How many instruments do you play?

I play virtually every instrument available here in Nigeria.

Which was the first you learnt?

The bugle. It looks like a trumpet without valves. I learnt it in the Boys’ Brigade. I migrated to playing the trumpet and different types of drums. I taught myself how to play every other instrument apart from the bugle.

Must a producer be an instrumentalist?

I think it’s a very important background for every producer to be, at least, a master of one instrument.

Are instrumental skills important in production?

It’s like an architect that wants to build but cannot draw. A music producer makes music. One of the core reasons why the artiste really needs you is to give direction on how his music should go. It’s like when Mourinho got to Chelsea. He asked the players which of them had received trophies in the competitions that he had. All of them said no. Then he said, “Okay, that means I’m superior”. What gives you charge is when you can tell an artiste how each instrument will sound in his song if introduced. Even with the so many get-aways available with the digital age, there are some intrinsic things whose ignorance will still show. Any aspiring producer must be able to play at least one musical instrument. That way, you won’t be placing wrong pegs in wrong holes.

Has song production paid off yet?

Well for me, financially, I’d say ‘No’. It’ll be shocking to a lot of people I know.

What is wrong?

A whole lot of things. From the absence of structure to piracy, and non-payment of royalties. All that a producer gets from a song he produces is the studio session fee he’s charged, which is so minute. When your production and the artiste become  mega stars, the only thing you get is hype, and then maybe, a few more people come to you asking you to perform the same magic with their songs. There’s no financial gain, per se.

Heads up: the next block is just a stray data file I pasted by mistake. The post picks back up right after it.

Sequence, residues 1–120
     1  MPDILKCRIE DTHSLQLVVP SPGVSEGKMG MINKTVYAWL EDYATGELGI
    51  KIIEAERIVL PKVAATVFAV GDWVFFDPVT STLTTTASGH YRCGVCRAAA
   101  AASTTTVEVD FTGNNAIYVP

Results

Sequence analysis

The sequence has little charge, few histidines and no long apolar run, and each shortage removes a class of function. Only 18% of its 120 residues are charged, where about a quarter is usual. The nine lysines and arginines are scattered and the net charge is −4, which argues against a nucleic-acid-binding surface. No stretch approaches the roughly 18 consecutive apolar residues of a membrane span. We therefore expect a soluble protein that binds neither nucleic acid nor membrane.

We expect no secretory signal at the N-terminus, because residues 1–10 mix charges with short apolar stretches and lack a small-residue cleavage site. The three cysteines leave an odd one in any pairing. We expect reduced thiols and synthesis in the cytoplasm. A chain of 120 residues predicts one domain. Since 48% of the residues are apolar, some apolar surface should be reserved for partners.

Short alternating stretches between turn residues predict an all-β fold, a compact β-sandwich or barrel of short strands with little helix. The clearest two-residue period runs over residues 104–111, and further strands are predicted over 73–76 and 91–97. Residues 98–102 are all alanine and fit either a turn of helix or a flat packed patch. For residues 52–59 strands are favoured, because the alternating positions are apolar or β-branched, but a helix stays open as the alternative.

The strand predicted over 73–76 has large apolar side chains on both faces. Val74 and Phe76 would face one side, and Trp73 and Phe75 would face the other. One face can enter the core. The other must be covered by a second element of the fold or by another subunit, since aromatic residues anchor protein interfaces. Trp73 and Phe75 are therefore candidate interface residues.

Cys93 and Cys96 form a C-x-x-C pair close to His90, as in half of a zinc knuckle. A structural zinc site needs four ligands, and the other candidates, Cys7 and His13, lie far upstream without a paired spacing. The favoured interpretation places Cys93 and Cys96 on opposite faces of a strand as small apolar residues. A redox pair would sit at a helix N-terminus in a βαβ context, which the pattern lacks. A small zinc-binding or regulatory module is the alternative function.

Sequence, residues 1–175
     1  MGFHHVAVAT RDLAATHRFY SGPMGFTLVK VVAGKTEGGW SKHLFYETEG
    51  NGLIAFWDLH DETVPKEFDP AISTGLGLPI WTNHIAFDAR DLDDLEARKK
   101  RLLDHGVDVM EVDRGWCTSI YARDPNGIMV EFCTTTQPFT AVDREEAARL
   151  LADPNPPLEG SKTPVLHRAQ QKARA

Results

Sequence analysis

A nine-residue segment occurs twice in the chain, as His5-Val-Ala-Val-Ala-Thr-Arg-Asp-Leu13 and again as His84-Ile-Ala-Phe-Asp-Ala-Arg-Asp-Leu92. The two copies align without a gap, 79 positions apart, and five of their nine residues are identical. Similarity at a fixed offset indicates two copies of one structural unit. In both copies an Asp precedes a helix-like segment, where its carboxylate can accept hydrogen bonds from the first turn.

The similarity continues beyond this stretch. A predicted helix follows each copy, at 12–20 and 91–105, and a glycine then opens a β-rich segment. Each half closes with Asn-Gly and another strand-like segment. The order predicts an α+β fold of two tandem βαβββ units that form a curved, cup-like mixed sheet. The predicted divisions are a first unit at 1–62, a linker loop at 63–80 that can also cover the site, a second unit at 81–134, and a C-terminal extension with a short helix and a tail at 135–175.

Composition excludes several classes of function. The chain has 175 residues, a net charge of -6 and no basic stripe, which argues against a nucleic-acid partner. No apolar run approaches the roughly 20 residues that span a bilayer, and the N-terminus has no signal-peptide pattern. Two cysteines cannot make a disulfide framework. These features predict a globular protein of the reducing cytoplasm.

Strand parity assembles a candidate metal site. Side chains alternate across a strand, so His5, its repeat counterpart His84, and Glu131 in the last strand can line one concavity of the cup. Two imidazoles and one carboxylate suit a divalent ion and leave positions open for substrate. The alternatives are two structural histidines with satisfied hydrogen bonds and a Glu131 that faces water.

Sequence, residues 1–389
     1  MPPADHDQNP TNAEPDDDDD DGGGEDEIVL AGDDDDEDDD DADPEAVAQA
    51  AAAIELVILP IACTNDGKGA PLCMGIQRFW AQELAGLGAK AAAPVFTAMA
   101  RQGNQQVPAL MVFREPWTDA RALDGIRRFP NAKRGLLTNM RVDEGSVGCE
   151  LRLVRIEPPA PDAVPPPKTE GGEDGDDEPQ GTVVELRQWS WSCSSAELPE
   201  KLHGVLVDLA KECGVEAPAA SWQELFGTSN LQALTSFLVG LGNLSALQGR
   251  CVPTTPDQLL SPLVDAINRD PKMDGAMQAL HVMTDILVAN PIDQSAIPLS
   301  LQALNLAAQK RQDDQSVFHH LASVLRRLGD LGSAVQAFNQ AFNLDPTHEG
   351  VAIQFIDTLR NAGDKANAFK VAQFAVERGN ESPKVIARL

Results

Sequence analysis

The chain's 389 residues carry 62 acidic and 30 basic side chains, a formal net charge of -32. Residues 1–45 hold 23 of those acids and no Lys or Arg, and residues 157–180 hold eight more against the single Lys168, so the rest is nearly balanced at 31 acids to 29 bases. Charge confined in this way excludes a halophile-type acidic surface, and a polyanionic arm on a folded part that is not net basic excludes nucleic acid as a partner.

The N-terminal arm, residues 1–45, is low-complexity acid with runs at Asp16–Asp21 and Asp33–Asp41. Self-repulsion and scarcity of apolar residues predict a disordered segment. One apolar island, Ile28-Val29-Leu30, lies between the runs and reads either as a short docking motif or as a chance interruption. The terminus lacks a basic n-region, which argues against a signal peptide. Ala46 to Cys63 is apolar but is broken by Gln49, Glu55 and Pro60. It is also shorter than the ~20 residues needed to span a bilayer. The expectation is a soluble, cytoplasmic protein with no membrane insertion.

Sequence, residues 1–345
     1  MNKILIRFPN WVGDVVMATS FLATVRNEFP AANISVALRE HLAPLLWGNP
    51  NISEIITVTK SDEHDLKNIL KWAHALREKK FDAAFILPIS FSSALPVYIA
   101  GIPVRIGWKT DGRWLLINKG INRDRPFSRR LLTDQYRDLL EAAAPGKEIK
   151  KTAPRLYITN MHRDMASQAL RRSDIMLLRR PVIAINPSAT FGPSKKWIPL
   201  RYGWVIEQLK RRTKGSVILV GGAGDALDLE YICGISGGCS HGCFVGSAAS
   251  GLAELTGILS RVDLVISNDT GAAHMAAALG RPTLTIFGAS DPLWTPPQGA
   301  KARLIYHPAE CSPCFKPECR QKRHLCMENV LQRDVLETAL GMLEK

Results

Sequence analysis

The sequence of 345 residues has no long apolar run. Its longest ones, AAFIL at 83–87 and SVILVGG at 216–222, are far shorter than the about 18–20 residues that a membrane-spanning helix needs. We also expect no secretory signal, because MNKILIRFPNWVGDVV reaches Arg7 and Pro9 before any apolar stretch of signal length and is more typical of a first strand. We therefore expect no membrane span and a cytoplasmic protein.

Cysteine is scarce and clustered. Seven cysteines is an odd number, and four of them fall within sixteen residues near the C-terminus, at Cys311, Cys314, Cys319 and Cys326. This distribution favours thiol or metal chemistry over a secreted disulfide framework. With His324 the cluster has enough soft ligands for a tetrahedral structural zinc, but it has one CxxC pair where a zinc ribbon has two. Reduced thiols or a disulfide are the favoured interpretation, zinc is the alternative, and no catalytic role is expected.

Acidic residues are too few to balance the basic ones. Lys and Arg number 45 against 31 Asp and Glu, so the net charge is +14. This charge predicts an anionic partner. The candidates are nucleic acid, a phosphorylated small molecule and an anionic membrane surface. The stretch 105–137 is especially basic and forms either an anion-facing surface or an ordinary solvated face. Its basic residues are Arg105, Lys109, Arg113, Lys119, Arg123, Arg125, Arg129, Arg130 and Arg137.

The only person I’d say that has been able to perfect his art is Don Jazzy. I don’t really know the details of his deal with D’banj. But that’s why you’ll never see him work with anybody, not on their label. Living off song production in Nigeria is a daisy thing because it’s a dark market.

How are you able to sound differently with each production?

I had different influences while growing up. Then, education has its own contribution. I’ve read books that tell me not to sound too differently with every job. Yet, to take each job as if I’m starting something new. The only common thread that runs through my production is that I try to infuse the African thing in every of my work.  Then I have the urge to be different, and that means carving a niche for oneself.

How much lies on a producer in arriving at a good song?

On the producer, it’s 60 per cent, artiste, 20 per cent, and mixing engineer, 20 per cent. You might say I’m being sentimental as a music producer but ask any artiste that will tell the truth and he’ll tell you same thing.

Who is a good music producer?

He’s somebody that understands music and how it works. He must have at least some understanding of engineering, know how vocals work, be an interpreter of skeletal music and then he must be sane and spiritual. You need to get into the spiritual to know how a song should come out.